Virginia: Brain Injury – a Lawyer’s Waiver

Virginia: Brain Injury – a Lawyer’s Waiver

On October 25, 2011, Mr. Waterman files Brief of Appellant in Gagnon v. Burns, No. 110767 c/w No. 110754 in the Supreme Court of Virginia in Richmond, Virginia. Waiver is an issue in that brain injury appeal of the jury’s $6,100,000.00 verdict in Circuit Court for Gloucester County, Virginia, CL08-572.

Under Virginia law, a proponent must “prove the elements of such waiver by clear and convincing evidence,” Baumann v. Capozio, 269 Va. 356, 361 (2005) (emphasis added); based on the opposition’s actions “when considered together,” Shelton v. Commonwealth, 274 Va. 121, 127 (2007)(motion and qualified endorsement of final order preserved) and “taken in context”. Wright v. Norfolk and W. Ry. Co., 245 Va. 160, 168 (1993)(lawyer voicing no objection to the “form” did not waive). Va. Sup. Ct. Rule 5:25 focus is whether the judge had “opportunity to rule intelligently on the issue,” Scialdone v. Commonwealth, 279 Va. 422, 437 (2010); so the Gagnon crime victim party need only have put the judge “on notice of his position,” not use a certain phrase, id. at 438; and the judge ruling on the issue evinces opportunity. Id. at 439 (and all cases therein).

Since 1992, it suffices that the Gagnon brain injury party “at the time the ruling or order of the court is made or sought, makes known to the court the action which he desires the court to take or his objections to the action the court therefore.” Va. Code Ann. §8.01-384 (A). “No party, after having made an objection or motion known to the court, shall be required to make such objection or motion again to preserve his right to appeal, challenge, or more for reconsideration of, a ruling, order, or action of the court. Arguments made at trial via written pleading, memorandum, recital of objections in a final order, oral argument reduced to transcript, or agreed written statements of facts shall, unless expressly withdrawn or waived, be deemed preserved therein for assertion on appeal.” Id. (emphasis added).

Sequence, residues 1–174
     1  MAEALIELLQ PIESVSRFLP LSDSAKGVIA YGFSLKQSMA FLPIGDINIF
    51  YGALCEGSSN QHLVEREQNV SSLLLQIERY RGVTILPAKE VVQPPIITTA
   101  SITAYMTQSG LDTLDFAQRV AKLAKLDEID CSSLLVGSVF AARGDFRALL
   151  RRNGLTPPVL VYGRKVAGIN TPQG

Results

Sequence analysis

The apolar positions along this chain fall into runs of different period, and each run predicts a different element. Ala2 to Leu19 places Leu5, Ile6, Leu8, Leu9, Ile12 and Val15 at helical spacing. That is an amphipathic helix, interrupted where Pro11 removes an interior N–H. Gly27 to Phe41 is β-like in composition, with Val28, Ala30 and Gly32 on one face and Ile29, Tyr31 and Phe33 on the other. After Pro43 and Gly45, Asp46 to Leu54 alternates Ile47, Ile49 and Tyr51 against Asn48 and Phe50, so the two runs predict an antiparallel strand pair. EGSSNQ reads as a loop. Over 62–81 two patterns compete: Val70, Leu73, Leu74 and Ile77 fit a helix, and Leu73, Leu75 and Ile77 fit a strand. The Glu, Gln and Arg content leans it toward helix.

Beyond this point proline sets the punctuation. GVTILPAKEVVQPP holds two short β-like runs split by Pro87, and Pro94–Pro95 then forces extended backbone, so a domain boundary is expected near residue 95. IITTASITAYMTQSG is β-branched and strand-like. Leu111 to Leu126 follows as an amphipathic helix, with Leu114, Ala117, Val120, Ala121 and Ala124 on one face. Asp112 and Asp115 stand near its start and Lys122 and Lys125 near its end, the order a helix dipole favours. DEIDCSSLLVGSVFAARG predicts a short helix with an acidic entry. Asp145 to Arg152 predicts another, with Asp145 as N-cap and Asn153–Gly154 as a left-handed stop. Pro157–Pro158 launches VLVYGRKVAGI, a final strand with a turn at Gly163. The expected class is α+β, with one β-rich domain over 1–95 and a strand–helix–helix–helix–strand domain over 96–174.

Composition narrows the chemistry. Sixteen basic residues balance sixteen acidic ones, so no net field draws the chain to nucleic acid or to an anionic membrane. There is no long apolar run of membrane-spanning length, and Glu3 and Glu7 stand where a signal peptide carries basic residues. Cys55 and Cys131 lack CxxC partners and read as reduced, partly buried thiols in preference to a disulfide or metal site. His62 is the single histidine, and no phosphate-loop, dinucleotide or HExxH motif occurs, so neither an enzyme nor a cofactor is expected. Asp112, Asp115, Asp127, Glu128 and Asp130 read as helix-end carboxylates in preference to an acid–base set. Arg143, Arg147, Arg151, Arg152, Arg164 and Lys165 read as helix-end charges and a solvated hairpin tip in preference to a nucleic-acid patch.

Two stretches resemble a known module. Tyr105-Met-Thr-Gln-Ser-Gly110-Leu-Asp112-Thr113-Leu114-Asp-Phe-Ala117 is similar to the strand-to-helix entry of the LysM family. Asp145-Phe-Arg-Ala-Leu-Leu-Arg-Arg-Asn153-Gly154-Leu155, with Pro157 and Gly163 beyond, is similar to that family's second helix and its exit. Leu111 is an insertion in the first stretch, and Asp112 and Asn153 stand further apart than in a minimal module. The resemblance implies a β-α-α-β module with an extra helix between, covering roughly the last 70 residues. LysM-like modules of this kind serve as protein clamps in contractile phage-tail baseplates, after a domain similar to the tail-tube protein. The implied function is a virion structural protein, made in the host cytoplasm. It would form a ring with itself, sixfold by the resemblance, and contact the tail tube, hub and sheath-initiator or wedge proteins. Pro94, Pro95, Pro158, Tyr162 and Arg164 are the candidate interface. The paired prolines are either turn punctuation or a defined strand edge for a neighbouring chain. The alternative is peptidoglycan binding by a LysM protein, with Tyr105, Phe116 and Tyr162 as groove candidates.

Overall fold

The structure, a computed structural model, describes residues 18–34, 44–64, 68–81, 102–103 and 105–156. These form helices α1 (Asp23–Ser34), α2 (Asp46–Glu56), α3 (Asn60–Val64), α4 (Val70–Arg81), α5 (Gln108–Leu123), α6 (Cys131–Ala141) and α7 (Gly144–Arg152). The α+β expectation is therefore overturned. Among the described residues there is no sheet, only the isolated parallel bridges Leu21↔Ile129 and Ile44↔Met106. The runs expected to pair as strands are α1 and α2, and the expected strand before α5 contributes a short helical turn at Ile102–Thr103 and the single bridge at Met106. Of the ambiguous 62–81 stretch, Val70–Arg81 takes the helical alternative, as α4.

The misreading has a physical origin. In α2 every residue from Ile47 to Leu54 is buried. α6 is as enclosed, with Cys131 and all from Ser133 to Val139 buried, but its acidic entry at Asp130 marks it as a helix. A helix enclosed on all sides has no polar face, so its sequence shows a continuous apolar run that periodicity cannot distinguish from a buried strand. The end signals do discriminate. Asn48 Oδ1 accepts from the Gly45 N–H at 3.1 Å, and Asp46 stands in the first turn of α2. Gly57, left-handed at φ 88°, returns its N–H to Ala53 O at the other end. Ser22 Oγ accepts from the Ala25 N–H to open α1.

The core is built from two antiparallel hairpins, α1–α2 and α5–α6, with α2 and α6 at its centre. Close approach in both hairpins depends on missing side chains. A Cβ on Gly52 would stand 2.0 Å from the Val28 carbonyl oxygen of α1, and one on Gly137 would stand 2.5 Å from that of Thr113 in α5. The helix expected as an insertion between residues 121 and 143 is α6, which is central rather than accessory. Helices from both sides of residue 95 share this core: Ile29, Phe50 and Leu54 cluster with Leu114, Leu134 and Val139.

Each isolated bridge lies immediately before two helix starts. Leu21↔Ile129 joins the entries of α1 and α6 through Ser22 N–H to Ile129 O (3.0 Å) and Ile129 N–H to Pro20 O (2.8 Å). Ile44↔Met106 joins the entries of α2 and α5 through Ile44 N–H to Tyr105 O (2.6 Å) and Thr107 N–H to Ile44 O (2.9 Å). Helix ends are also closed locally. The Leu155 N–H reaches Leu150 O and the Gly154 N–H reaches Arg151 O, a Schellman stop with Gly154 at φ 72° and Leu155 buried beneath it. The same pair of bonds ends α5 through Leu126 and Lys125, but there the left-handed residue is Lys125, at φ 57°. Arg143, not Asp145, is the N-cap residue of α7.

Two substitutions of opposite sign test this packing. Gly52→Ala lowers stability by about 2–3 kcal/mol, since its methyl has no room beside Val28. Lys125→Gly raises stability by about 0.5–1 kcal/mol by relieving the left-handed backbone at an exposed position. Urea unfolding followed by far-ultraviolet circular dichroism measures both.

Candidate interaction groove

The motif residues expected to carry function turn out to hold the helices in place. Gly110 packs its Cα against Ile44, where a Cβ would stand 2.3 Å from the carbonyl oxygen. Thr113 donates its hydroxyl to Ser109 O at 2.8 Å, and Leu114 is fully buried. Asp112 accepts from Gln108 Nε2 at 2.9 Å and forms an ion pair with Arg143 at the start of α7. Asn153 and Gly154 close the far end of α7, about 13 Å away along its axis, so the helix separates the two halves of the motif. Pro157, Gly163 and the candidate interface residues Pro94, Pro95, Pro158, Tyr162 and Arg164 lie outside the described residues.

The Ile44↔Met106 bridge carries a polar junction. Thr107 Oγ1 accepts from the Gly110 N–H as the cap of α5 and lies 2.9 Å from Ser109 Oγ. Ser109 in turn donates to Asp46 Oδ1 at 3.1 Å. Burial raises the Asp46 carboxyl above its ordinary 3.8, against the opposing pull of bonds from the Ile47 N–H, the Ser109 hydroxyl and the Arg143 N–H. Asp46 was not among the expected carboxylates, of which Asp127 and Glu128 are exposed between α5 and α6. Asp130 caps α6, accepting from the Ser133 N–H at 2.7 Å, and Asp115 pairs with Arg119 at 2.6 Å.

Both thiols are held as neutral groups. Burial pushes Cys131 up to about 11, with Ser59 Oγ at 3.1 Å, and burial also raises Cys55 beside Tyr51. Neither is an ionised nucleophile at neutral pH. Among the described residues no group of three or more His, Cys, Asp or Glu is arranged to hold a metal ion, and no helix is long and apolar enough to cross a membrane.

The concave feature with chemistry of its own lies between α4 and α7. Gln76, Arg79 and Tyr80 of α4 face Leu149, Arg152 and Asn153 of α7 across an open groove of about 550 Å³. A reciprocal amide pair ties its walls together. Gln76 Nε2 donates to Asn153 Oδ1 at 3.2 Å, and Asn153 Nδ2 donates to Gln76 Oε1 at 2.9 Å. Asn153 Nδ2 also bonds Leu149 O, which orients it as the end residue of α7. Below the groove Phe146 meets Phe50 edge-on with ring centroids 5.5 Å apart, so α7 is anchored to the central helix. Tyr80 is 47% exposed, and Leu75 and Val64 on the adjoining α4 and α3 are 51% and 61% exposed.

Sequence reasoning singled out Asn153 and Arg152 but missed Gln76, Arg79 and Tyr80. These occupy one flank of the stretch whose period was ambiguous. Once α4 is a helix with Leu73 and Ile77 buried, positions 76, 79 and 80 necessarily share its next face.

“Code §8.01-384(A)…is controlling of Rule 5:25, and we must apply the statutory provision.” Helms v. Manspile, 277 Va. 1, 7 (2009) (memo preserved). Brown v. Commonwealth, 279 Va. 210, 217, cert. denied, 131 S. Ct. 217 (2010)(oral argument preserved). “Under Code §8.01-384(A) and our analysis in Helms, if a trial court is aware of a litigant’s legal position and the litigant did not expressly waive such arguments, the arguments remain preserved for appeal.” Id. (emphasis added).

“While the doctrine of invited error remains good law, it simply has no application where, as here, the record shows that a party clearly objected to a specific ruling of the trial court to which error is assigned on appeal, even if the party failed to object to instructions applying or implementing the trial court’s prior ruling.” King v. Commonwealth, 264 Va. 576, 582 (2002). “The undeniable purpose of Code §8.01-384(A) is to relieve counsel of the burden of making repeated further objections to each subsequent action of the trial court that applies or implements a prior ruling to which an objection has already been noted.” Id. at 581 (not objecting to instruction not waiver).

Analogously to the Gagnon brain injury appeal, negligence issue was not waived by not objecting to jury submission, where before and after the judge was “fully apprised,” denied motion, and stated: “The objections to this ruling are preserved.” General Ins. of Roanoke, Inc. v. Page, 250 Va. 409, 412 (1995)(emphasis added). Likewise, there also was no waiver of underlying evidentiary objection maintained post-trial, even though plaintiff’s counsel replied, “‘That’s fine, Your Honor,’ when [disputed] tendered instruction was amended”. McMinn v. Rounds, 267 Va. 277, 280-281 (2004)(emphasis added)(and instruction cases cited therein).